Now let’s retain all the old assumptions except for the annual withdrawal, assuming that you will work at a part-time job paying $800 per month ($10,000 per year) for the first 10 years of retirement. The Risk Evaluator does not permit me to make changes in the withdrawal assumption during the course of the retirement, so I plugged these numbers into the Strategy Tester.

It tells me that the most likely portfolio value at the end of 30 years for the plan calling for a $50,000 withdrawal in each year is $542,673. That means that there is almost a 50 percent chance that the goal of having the portfolio retain 50 percent of its real value at death will not be met.

But change the withdrawal number to $40,000 only for the first ten years (leaving it at $50,000 for the remaining years) and the most likely 30-year value jumps to $872,904. In this scenario, there is only a 20 percent chance that the Year 30 value of the portfolio will be less than $631,157. Success!

The long-term effect of less in withdrawals in the first 10 years

Please note that by adding $100,000 in contributions to the plan ($10,000 per year for each of the first 10 years of retirement), you increased the most likely Year 30 value by more than $300,000. The first ten years of retirement are the years that matter most!

Say that you were to die at age 85 rather than at age 95? Would that make much of a difference?

It would not. The most likely Year 30 value for the portfolio in which you withdrawal $50,000 in every year is $614,741 at the end of 20 years, only about $70,000 higher than the number that applies at the end of 30 years. The most likely Year 30 value for the portfolio in which you withdrawal $40,000 for three first 10 years and $50,000 for the remaining years is $798,355, only about $75,000 more than the number that applies in Year 30.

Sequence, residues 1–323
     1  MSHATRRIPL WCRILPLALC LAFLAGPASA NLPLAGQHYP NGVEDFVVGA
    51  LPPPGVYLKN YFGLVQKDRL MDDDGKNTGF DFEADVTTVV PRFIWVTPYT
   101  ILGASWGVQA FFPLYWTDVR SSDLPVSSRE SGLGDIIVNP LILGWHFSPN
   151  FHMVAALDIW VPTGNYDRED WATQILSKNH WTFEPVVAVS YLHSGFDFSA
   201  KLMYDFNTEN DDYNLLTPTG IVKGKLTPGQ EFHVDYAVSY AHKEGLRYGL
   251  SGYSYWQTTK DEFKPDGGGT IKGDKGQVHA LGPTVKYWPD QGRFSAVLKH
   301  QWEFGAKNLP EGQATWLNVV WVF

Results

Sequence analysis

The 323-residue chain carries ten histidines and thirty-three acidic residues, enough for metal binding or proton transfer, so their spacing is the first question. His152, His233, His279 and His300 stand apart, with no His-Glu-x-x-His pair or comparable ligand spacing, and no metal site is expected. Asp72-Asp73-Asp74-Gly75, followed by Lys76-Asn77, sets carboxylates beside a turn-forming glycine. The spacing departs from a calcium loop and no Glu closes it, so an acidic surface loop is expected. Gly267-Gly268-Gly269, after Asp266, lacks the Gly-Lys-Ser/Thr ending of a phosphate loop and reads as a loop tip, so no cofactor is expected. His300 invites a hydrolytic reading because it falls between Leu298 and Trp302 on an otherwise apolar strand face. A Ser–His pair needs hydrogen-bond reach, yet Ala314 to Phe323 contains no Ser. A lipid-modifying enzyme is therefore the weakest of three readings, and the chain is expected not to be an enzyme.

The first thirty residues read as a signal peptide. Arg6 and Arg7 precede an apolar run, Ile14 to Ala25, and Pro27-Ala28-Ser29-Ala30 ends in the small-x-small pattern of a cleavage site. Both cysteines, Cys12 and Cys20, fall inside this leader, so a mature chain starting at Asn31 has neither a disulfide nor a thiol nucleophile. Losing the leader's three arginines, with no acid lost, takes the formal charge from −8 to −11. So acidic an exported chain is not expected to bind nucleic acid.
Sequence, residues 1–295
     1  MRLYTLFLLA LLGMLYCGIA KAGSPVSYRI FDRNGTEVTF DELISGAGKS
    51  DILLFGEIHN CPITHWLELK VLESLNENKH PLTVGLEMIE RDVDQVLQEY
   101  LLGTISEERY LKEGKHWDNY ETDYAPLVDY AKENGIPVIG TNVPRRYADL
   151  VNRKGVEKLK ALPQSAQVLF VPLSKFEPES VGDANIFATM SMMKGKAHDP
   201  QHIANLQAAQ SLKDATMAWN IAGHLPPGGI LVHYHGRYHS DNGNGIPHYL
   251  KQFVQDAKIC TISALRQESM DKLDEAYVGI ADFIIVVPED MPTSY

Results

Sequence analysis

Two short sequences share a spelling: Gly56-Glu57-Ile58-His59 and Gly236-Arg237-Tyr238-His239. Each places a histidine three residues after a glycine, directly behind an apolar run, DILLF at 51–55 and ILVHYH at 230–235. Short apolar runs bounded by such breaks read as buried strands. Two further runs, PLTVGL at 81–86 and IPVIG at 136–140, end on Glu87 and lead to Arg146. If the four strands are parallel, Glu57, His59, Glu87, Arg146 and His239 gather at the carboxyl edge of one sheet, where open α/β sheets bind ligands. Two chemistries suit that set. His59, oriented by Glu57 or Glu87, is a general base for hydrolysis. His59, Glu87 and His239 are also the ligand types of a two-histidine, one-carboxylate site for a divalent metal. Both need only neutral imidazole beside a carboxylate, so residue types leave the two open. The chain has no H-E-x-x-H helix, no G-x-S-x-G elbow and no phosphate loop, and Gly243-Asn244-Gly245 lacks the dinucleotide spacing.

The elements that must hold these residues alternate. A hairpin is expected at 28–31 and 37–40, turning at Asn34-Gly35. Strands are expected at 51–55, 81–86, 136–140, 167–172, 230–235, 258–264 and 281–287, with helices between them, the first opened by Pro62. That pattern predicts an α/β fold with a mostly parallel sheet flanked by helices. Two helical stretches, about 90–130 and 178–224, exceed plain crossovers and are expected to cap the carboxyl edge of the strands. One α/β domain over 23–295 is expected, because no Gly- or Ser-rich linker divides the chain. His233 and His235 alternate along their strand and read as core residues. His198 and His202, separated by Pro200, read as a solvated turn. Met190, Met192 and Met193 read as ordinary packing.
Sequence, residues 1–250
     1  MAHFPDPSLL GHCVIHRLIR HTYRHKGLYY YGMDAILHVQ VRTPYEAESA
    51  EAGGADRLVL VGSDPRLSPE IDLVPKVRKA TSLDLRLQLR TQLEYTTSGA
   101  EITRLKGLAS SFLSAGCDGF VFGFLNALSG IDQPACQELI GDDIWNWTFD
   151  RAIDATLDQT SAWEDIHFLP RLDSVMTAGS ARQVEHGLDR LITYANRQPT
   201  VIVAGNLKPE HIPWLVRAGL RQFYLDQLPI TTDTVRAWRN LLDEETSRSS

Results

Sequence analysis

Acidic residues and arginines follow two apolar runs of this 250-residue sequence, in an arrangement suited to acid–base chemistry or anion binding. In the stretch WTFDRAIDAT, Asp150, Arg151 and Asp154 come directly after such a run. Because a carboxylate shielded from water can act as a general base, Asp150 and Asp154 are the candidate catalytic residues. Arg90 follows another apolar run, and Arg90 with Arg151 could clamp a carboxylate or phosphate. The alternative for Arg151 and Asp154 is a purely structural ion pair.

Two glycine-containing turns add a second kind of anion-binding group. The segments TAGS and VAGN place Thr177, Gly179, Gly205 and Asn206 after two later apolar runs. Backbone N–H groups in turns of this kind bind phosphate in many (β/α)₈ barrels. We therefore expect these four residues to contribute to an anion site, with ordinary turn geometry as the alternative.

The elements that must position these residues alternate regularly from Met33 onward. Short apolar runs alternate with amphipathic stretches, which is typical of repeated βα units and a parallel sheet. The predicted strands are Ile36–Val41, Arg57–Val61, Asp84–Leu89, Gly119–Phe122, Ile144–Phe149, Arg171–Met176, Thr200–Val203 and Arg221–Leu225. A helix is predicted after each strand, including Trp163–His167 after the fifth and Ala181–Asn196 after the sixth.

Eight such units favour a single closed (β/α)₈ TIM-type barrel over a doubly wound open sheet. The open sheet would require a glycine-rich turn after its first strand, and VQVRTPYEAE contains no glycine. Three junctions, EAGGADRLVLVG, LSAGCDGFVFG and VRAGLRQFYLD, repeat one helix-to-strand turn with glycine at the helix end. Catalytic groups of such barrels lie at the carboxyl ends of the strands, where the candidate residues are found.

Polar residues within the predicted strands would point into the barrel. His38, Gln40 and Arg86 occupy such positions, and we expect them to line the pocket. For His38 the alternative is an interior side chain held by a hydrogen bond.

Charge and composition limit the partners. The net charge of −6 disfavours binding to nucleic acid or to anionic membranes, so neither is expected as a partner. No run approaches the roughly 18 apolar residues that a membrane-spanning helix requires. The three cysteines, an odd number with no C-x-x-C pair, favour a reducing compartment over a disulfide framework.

Planning to work during retirement to lower the size of the withdrawals you make in the early years makes sense. Planning to work during retirement to cover the possibility that you will live longer than you expect does not have as much of an impact as you expect.

The first ten years of retirement are the critical years. Stretching out a retirement that does well for the first ten years is not too difficult.

Rob Bennett has written about what really matters most to the success of a money management strategy. His bio is here. For background on the Big Fail of Buy-and-Hold and on the need to move to Valuation-Informed Indexing, please check out the “About” page at the “A Rich Life” blog.

( Photo from Flickr by Helico )

2 Responses to Longer Retirements Don’t Cost Much More

  1. Sure that makes sense, but it seems when you are older and need more health care, the expense will shoot way up. So the last few years of retirement matters a lot too if you have chronic conditions. Right?

  2. Your point makes perfect sense, Joe.

    I’m afraid it’s a little above my pay grade to figure out what those health expenses are going to be.

    Rob